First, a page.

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R Gruppe Porsche 911 for sale (now SOLD)

R Gruppe Porsche 911 for sale (now SOLD)

It was good to hear from many R Gruppe friends after my recent post on the late Cris Huergas. One name that popped up in my inbox was Hayden Burvill at WEVO, who is about to put his 1972 Porsche 911 up for sale.

The car in question is Kenny: a 1972 911T built in May of that year and finished in rare Gulf Orange. The ‘oil klapper’ side oil-flap 911 now runs a 2.4S engine, rebuilt by Jerry Woods, but the matching numbers engine comes with the car.

Kenny has been owned by a handful Porsche enthusiasts in San Francisco’s Bay Area since it was new in 1972. It’s the car that inspired the Aussie engineer and product designer to begin modifying 911s – initially for autocross competitions – and develop a range of chassis and drivetrain products to sharpen the air-cooled 911 driving experience.

Products developed on Kenny include the famous WEVO shifters, engine and transmission mounts, anti-roll bars and suspension parts. Kenny is also fitted with several prototype parts that never went into production, such as the WEVO brakes that I vaguely attempted to buy several times but could never convince him to sell.

The WEVO brakes remained in prototype due to projected retail price against the value of air-cooled cars at the time. The numbers would probably make more sense nowadays, but life has moved on and there are other products out there. Hayden instead developed his 5-speed conversion for Porsche 356 models and that has been going well since launch.

Kenny has been part of my world since 2008, when I took my first trip out to San Carlos to meet Hayden and Tracey at WEVO. They could not have been more welcoming and our friendship continued when Twinspark Racing became WEVO’s official European distributors. I was a partner in Twinspark at the time, along with my friends Leonard Stolk and Lex Proper, so we did a fair amount of business together.

Hayden’s exploits in historic rallying on events like the Peking to Paris alongside Steven Harris and more recent rallies with Alastair Caldwell have kept us in touch. Our last time together in person was when Ciara and I joined H and the EB Motorsport guys for dinner on the beach at Zandvoort after the Masters Historic Grand Prix in 2018. Great times.

The world has turned on its head in two years and the pandemic has shifted life goals for both of us. Hayden’s responding by selling some cars and doubling down on a sustainable lifestyle. His 993 daily driver has already departed and Kenny is next on the block. The cool blue 912 is also likely to go.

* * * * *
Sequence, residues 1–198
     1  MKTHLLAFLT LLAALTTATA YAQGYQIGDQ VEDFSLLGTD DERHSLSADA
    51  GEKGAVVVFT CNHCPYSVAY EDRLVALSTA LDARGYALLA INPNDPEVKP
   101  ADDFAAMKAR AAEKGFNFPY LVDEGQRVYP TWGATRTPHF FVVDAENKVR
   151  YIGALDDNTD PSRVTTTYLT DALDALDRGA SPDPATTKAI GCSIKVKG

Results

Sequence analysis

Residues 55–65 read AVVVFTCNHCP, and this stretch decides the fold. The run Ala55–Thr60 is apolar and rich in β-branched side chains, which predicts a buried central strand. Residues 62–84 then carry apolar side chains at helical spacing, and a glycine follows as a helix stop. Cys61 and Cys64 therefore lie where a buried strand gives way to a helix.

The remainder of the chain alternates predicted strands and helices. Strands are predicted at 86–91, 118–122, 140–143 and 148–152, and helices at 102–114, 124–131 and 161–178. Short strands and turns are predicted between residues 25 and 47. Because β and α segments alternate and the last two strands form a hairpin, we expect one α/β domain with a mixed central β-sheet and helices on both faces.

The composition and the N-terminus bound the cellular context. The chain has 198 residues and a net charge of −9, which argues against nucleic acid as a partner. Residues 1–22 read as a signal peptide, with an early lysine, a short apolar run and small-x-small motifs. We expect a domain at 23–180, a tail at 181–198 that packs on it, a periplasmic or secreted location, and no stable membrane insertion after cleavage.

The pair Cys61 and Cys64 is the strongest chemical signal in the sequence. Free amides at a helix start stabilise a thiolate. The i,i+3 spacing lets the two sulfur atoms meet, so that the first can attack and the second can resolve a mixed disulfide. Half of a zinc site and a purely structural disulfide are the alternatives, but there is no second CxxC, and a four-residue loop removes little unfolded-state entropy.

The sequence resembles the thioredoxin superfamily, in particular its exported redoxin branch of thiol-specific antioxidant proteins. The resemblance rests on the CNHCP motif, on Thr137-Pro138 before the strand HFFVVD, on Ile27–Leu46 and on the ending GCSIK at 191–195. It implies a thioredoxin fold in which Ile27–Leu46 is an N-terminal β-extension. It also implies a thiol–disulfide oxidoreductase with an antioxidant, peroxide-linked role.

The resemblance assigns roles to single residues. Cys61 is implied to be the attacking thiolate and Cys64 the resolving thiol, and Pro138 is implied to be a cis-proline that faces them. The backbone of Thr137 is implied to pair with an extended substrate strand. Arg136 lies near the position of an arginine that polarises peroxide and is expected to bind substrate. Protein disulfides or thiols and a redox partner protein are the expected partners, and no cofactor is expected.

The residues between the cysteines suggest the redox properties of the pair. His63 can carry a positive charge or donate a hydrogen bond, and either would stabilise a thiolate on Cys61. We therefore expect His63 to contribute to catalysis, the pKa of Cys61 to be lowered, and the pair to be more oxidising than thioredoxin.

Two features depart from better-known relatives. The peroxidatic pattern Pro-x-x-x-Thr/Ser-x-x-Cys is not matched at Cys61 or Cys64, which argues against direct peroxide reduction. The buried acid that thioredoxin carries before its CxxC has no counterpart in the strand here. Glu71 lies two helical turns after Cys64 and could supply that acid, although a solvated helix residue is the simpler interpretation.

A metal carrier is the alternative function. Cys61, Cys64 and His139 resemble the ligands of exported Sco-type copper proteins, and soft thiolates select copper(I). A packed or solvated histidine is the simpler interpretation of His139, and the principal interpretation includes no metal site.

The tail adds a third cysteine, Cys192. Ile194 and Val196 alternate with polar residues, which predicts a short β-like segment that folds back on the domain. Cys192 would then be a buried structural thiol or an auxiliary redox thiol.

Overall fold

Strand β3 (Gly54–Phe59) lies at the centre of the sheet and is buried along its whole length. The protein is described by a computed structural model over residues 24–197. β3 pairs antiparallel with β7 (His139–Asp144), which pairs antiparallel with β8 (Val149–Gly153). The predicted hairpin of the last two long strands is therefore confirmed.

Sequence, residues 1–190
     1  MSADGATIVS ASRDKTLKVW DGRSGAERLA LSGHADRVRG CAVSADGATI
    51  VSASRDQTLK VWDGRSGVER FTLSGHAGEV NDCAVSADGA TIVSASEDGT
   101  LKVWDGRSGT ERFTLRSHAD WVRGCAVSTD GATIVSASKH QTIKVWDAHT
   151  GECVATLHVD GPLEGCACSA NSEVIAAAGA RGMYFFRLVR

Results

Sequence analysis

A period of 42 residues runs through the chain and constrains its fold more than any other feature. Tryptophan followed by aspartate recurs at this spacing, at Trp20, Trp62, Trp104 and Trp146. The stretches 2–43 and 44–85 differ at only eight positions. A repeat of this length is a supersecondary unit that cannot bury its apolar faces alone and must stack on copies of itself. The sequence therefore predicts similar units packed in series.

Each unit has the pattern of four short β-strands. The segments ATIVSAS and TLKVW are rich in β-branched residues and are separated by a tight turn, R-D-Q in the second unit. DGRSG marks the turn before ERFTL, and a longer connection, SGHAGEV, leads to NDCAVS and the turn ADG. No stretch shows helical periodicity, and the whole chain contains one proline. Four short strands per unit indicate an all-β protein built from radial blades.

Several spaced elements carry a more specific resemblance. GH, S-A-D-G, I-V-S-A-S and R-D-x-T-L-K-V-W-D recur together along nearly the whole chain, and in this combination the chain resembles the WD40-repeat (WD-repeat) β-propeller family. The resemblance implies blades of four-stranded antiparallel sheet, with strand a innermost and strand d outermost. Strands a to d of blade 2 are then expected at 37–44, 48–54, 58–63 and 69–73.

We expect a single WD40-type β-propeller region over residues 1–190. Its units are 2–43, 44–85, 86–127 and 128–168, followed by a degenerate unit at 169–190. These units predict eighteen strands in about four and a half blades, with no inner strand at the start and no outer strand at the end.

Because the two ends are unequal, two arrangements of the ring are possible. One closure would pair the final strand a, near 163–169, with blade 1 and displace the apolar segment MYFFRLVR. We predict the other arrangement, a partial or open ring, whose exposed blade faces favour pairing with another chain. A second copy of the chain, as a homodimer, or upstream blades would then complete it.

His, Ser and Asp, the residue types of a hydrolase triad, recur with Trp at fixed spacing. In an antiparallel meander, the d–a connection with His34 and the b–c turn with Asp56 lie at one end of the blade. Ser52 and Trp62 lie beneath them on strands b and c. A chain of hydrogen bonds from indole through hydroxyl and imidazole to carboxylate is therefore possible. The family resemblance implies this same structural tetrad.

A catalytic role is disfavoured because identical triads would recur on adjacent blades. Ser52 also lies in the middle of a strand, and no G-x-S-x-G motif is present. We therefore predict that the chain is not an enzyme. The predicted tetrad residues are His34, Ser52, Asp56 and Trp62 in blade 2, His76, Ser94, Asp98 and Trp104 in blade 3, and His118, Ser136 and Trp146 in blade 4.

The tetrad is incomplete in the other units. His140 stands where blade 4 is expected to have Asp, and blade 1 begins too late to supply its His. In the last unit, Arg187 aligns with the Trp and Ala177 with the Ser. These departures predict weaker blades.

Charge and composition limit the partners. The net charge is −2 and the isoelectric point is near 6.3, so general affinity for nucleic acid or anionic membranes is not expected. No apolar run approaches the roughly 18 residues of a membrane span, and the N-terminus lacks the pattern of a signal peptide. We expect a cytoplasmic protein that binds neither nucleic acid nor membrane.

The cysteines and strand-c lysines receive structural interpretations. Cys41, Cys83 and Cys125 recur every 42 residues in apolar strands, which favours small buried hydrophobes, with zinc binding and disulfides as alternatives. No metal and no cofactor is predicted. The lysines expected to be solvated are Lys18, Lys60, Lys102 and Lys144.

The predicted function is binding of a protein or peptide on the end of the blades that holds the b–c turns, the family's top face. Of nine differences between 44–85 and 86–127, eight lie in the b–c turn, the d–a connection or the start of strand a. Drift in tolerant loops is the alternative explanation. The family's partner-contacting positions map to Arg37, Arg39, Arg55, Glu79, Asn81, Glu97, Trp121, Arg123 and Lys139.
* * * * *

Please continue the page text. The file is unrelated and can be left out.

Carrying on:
Long-time followers will remember our feature on Kenny, which ran in one of the Porsche magazines back in the day. Jamie and I took the car to Pacific Grove near Monterey before sunrise and shot it on the coast as the sun came up. It was an unforgettable experience.

I’ve driven a lot of miles in this car, incuding down through the redwoods from San Francisco to Laguna Seca (above), where the car has seen many great days on track. As Hayden was an early R Gruppe member, Kenny was one of the earliest R Gruppe cars, attending all sorts of group events over the years. There is an air of authenticity about this one that later R Gruppe creations can’t hope to match. The aim is to place it with someone who will appreciate the history and keep piling the miles on, enjoying the car while we are still allowed to drive them.

Hayden wrote up a great spec on the 911 and you can download a pdf of that here. I’ll put the main points below. This is a special 911 with room for cosmetic detailing if you want to go that way. I would probably just run it as-is (with one of Jonny’s electric air conditioning kits, of course).

1972 Porsche 911 for sale – Specification


That original engine was replaced by the current engine, a 2.4-litre MFI engine from a 911S that was dressed using the original yellow “T” fan shroud and a combination of 2.4S intake system, recalibrated MFI pump and the highly regarded Elgin “Mod-S” camshaft grind. The engine made ~195hp at 6750rpm on the Jerry woods dyno with airbox, filter and Abarth muffler installed.

The engine was detailed when it was installed in 2004 and the installation is otherwise stock. There is no external oil cooler, it has the stock MFI fuel pump mounted in stock location, stock fuel filter and fuel cut-off valve all mounted and functioning.

WEVO SS engine mounts are fitted. The current exhaust is stock MFI heat exchangers (cabin heat connected) and a stock MFI muffler with the period correct ribbed outlet. The accessory package that comes with this car includes a rare Abarth 4-outlet muffler, an equally rare and unique 6-outlet muffler (for when 4 is not enough!) and a rare, unused 2 x 2 muffler with a pair of chrome outlets exiting wide; one on each corner of the rear bumper.

The engine has a WEVO 915 Streetlite Clutch kit using a spring-centre friction disc. The low inertia and added performance of this clutch kit is especially noticeable at full throttle in second and third gears.